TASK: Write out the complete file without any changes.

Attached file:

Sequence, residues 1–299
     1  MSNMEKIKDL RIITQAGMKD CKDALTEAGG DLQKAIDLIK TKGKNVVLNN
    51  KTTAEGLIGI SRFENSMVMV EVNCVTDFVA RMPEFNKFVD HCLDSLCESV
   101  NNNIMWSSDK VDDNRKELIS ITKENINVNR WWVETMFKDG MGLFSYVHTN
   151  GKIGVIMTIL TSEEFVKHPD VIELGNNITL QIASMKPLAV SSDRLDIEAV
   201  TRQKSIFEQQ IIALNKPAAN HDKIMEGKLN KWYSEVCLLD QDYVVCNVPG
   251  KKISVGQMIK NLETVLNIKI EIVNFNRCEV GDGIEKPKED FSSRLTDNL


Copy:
Sequence, residues 1–299
     1  MSNMEKIKDL RIITQAGMKD CKDALTEAGG DLQKAIDLIK TKGKNVVLNN
    51  KTTAEGLIGI SRFENSMVMV EVNCVTDFVA RMPEFNKFVD HCLDSLCESV
   101  NNNIMWSSDK VDDNRKELIS ITKENINVNR WWVETMFKDG MGLFSYVHTN
   151  GKIGVIMTIL TSEEFVKHPD VIELGNNITL QIASMKPLAV SSDRLDIEAV
   201  TRQKSIFEQQ IIALNKPAAN HDKIMEGKLN KWYSEVCLLD QDYVVCNVPG
   251  KKISVGQMIK NLETVLNIKI EIVNFNRCEV GDGIEKPKED FSSRLTDNL